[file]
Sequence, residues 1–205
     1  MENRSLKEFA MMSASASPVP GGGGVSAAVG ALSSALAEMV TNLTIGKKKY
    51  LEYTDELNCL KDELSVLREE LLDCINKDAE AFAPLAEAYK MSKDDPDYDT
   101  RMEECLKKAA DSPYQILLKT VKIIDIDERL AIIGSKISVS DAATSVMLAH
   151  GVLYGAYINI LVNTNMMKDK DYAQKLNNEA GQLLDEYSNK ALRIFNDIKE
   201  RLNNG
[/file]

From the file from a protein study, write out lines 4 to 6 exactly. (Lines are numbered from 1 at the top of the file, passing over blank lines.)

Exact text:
   101  RMEECLKKAA DSPYQILLKT VKIIDIDERL AIIGSKISVS DAATSVMLAH
   151  GVLYGAYINI LVNTNMMKDK DYAQKLNNEA GQLLDEYSNK ALRIFNDIKE
   201  RLNNG